30> Tweaking the TNT Diet Plan by Adam Campbell

This was originally posted by Adam Campbell on the TNT Forum on February 5, 2008:

Jeff and I don’t think most people need to get overly caught up in the details, which is why we “left stuff out.” Considering Jeff has actually conducted over 100 scientific studies (and more on low carb than anyone), it’s hardly that the research wasn’t thorough. But the problem for most people is that the info in studies, etc, just isn’t accessible or written for the layperson. So our philosophy in this book was to write it for the population that wanted the basics, yet provide information that they hadn’t had access to before. In retrospect, I would have had a troubleshooting chapter, but when you’ve done that type of thing in other books, you tend to not want to do that again because you feel like you’ve gone through it already. (That’s my bad, but in my defense, we were under a pretty tough time constraint.)

Now, ketosis isn’t necessary to lose fat. People do it every day without being in ketosis. For instance, one guy I worked with lost over 70 pounds and kept carbs at about 30% of calories, and those sources included sugar. So you don’t have to be convinced that everyone needs to be in ketosis to burn fat. If you create enough of a caloric deficit, you’ll burn fat. That said, some people respond very well to being ketosis, not just for burning fat and building muscle, but for the therapeutic benefits (ie reduced inflammation). I happen to be one of those people, so it’s easy for me to be enthusiastic about ketosis.

And let’s not forget that some people lose lots of weight on low-fat, high-carb diet if they cut calories low enough (I’m still not a fan of this approach for the reasons we cite in the book)). In fact, Jeff’s studies show they lose weight. We just don’t think it’s as effective as low-carb, high-fat based for a number of reasons based on his research. The question then becomes, how low should you go? Well, this is where experimentation comes in. We intended TNT to really be Targeted Nutrition Tactics. That is, we show you a few ways (plans A-E) you can use them, you try one or two out, and then tweak to fit your lifestyle. For instance, I never have a full reloading day. I tend to eat low-carb all the time, except when I don’t–like maybe on Friday night we make pizza or I have a sandwich on Sunday. Also, I work some fruit into my version, which is easy to do.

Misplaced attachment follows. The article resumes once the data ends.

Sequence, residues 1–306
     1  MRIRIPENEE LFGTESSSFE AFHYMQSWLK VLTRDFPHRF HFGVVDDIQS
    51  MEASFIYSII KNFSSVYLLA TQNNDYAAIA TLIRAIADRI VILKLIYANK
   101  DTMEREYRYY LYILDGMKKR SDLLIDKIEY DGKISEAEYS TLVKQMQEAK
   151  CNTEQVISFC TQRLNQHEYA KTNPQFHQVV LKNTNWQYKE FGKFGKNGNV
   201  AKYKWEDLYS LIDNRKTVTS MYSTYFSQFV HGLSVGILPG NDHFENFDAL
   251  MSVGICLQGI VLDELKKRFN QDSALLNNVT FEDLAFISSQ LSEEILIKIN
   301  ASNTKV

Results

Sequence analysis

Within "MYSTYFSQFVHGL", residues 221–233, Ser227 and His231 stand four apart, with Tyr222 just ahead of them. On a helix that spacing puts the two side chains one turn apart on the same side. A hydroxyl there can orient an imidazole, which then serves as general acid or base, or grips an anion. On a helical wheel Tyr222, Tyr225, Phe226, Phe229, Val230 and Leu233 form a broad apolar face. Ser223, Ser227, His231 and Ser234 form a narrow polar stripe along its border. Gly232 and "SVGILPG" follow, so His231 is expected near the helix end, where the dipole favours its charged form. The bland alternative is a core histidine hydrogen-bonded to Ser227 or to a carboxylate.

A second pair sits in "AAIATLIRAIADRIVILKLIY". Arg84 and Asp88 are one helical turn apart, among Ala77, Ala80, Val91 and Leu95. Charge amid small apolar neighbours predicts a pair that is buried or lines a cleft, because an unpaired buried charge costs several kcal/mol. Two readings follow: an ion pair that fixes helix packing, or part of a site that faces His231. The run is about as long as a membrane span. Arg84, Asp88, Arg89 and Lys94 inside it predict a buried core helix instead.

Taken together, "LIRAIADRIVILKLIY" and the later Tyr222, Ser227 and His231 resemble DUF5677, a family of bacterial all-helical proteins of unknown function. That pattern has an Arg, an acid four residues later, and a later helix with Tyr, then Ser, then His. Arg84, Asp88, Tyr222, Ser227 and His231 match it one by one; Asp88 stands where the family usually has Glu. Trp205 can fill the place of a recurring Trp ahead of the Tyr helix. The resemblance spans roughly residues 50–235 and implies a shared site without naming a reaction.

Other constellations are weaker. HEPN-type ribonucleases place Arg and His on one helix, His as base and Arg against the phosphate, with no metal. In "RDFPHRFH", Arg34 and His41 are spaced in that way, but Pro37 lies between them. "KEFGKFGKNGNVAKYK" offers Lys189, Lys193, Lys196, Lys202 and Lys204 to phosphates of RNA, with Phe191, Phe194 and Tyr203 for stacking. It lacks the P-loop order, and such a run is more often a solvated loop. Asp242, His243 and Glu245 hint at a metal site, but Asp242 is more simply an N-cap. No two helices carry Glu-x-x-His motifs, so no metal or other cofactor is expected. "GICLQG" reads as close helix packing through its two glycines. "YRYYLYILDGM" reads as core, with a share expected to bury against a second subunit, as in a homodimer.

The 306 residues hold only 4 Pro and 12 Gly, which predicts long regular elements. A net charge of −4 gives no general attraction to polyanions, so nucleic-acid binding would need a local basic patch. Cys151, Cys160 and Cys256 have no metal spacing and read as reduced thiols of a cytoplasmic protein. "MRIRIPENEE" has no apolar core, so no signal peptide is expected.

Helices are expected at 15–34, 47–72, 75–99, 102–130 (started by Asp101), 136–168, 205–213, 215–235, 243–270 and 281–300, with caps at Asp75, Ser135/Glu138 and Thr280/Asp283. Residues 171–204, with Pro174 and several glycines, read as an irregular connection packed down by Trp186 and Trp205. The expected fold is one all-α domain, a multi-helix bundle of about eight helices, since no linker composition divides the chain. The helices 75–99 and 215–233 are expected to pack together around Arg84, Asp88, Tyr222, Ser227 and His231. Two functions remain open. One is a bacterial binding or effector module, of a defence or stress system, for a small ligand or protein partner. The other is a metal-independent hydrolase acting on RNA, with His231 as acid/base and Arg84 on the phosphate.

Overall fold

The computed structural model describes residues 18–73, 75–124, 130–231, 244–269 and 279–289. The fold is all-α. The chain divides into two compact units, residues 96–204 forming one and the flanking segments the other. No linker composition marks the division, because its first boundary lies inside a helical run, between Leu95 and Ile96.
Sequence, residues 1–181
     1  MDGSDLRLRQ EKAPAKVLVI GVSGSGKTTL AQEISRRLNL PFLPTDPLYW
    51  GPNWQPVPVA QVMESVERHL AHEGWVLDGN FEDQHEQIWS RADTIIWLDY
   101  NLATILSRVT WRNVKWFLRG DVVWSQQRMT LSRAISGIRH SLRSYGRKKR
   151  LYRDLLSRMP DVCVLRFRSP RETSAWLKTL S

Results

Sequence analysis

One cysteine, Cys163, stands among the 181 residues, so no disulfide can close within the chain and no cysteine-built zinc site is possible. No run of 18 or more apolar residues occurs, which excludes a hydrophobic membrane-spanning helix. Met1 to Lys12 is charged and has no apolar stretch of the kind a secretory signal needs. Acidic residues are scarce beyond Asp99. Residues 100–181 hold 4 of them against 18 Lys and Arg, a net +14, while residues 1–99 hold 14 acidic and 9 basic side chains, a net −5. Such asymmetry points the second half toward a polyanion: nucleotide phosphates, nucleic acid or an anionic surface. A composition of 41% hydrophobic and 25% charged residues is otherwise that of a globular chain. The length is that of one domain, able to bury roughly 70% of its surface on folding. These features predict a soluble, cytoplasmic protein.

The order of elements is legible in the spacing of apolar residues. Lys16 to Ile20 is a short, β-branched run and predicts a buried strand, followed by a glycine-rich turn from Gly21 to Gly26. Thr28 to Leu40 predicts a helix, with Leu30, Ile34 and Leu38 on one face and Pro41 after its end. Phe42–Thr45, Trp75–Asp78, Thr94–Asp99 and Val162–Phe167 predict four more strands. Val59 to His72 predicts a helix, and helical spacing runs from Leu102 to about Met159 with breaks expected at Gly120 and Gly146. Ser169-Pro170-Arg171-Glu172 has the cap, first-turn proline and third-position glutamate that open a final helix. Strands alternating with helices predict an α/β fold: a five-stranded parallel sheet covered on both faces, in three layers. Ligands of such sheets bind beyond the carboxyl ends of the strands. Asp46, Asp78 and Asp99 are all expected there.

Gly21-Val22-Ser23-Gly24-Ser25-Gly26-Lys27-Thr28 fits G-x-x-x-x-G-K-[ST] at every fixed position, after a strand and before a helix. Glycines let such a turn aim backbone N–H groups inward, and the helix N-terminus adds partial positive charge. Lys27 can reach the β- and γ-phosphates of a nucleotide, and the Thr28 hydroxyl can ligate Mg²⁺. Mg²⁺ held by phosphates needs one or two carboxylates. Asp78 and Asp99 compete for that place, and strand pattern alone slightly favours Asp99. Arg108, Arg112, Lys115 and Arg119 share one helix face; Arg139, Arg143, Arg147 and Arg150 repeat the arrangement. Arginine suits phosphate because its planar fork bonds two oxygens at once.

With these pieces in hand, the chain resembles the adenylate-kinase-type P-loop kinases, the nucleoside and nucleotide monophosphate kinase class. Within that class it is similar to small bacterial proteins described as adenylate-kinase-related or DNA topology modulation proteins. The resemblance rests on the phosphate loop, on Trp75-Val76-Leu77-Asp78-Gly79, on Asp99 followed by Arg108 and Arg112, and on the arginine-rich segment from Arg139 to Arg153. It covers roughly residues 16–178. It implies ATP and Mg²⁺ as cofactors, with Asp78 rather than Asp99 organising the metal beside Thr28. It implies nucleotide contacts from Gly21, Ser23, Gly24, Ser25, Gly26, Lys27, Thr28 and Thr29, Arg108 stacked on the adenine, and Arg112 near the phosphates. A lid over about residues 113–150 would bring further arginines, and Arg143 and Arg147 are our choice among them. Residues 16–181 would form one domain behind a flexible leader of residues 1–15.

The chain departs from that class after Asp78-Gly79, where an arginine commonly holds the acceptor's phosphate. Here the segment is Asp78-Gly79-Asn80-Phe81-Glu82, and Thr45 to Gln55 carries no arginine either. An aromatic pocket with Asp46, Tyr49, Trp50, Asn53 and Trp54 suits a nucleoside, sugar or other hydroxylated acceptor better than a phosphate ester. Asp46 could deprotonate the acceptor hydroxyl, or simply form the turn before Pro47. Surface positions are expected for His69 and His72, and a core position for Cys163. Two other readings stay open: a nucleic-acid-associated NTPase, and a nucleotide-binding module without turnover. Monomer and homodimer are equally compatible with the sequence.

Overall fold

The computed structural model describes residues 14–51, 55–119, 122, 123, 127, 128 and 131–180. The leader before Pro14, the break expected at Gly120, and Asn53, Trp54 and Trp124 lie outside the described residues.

One of the philosophies in the book is that your body will better process carbs after exercise and/or in glycogen depleted state. So having a carb-protein shake after cardio is fine. It’s not necessary as some will tell you, but it’s not going to simply switch off fat-burning for the whole day.

The key with carb intake is that for many it helps control your appetite–so when you start adding carbs back in, you may not see the same automatic regulation of your calorie intake. So this is where it can get tricky. Ketosis appears to suppress appetite, which is why some people really benefit. As you start to add more carbs in, ketones go down and perhaps hunger starts to increase. Now you’re creating less of a calorie deficit, unless you’re good at eyeballing portion sizes. Part of this is why we came up with our “rules” for the fat-burning zone. Even if you don’t stay in ketosis in this zone, you won’t likely overeat vegetables, and most don’t overeat proteins/fats. So for lots, it works very well without ketosis for regulating calorie intake while being satisfying. Now, when you start putting milk and fruit and even some grains in, you need to monitor intake because you could find  yourself suddenly eating more calories even if carbs are still reasonably low. Or you may also find that carb intake slowly starts to creep up so that it’s significantly higher than you intended–unless you’ve installed some rules (x amount of fruit, y amount of bread, eyeball meat portion sizes, etc).

Did I just give away all the secrets?  🙂

Seriously, I don’t know if any of this makes sense, but maybe it gives you some insight on how/why you can break the “rules,” and tweak the diet to work best for your lifestyle and goals.

So the bottom line is to do a little experimenting. If you want exact numbers of carbs, etc, for ketosis and carb-up days, Dr. DiPasquale’s book might be good reading. I have heard great things about it and seen summaries of it, but haven’t ever read it myself, believe it or not.  I believe Lyle McDonald also has excellent material, but I have yet to read it either. (It’s on my list, though.)

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